To be considered for the FSA collection, you must be a film photographer, which means shooting film and either scanning the negatives or slides, or printing and then scanning the print.
I’ve always been inspired by the work of the FSA photographers and the fact that Roy Stryker gave them a platform to go out and document the hardships of American life. We are in a similar situation right now with our own hardships and I cannot help but think that we are often not able to see the difficulty based on what is shown in the media versus what is really happening in rural and urban America.
So my goal is to show what a poor child’s birthday party is like today, or a rich kids’ pool party. What does it look like to be a farm worker or someone who works in a slaughter house. Or the CEO of a company or its Vice President–what does their commute look like, especially if it’s by air? What does it look like to live in a gated community versus a poor dilapidated neighborhood?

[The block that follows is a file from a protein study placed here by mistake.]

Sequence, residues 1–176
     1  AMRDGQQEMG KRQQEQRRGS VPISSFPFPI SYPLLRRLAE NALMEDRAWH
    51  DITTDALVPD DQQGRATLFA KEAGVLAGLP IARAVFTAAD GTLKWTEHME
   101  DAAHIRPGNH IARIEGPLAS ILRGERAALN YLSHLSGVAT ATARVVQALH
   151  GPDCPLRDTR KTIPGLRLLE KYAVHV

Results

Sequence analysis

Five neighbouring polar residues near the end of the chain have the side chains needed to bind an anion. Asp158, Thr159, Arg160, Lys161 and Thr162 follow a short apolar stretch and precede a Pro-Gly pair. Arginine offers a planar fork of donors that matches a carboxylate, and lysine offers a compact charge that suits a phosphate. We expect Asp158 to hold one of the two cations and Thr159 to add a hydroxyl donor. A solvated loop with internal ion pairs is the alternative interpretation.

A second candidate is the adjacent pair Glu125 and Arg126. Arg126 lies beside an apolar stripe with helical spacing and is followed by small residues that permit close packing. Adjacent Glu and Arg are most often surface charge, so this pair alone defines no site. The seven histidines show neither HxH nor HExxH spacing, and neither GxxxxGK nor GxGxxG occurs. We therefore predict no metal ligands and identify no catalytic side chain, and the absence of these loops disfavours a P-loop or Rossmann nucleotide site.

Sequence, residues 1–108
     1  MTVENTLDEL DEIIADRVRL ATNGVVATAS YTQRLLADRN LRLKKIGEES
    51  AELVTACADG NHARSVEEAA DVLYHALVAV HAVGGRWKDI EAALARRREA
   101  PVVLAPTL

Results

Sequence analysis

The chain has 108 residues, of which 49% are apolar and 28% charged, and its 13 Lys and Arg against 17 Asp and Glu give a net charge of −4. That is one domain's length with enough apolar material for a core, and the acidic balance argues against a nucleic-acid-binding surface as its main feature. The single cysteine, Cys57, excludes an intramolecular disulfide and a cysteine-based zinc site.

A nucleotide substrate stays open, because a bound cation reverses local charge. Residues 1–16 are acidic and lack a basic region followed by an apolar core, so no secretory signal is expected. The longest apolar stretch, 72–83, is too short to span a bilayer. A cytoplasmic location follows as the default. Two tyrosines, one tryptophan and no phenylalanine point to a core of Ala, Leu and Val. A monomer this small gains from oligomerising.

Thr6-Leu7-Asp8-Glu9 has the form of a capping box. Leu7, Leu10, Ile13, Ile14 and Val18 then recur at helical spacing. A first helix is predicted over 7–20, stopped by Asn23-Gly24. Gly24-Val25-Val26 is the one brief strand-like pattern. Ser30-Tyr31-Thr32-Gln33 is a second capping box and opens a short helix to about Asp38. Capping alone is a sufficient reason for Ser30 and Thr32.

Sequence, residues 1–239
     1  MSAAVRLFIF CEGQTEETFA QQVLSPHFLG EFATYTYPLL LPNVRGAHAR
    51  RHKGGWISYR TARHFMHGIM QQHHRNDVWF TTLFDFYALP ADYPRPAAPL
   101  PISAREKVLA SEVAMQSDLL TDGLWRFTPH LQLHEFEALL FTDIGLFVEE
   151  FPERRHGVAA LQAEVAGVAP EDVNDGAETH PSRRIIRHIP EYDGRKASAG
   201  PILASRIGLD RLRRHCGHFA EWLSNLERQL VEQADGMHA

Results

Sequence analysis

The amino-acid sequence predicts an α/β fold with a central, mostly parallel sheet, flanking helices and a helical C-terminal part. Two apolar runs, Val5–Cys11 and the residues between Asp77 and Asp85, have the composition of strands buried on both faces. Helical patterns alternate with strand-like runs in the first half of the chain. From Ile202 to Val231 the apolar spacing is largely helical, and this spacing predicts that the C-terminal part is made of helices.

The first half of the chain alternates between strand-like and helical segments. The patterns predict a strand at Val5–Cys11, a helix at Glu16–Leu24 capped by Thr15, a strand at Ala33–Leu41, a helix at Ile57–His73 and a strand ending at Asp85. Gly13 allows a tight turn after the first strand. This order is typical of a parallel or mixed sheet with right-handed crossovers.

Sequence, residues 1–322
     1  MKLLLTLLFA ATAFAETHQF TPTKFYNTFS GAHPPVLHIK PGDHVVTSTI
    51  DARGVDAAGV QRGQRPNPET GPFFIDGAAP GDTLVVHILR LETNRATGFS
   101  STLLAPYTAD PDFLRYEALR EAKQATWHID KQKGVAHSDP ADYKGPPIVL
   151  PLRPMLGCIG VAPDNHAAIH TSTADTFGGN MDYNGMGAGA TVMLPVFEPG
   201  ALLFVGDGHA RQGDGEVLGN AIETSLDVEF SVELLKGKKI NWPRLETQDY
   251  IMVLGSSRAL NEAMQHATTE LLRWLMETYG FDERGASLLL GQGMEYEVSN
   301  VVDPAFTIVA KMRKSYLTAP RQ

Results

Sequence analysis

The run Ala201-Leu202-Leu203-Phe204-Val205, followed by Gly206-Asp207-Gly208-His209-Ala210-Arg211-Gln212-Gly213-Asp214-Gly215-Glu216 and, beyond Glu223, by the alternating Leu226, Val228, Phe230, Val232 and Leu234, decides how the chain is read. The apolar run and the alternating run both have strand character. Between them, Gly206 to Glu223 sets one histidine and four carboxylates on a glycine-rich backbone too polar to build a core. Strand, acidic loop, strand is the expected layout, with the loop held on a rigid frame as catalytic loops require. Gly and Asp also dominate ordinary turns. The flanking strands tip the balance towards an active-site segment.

I want to encourage you as documentary photographers to seek out neighbors that perhaps you don’t know and tell them that you’re photographing for the Roy Stryker FSA Film Photography Project and explain to them that it is an online project documenting American life in the current time, like the FSA photography project of the early 1900s.
Submissions can be sent for consideration to the collection with this form. There is a $4 suggested donation to help administer the site, if that’s possible.
Photographers will be invited to join the project roster and featured on the Photographer page based on the quality of their submissions.
Photographers retain the rights to all their images.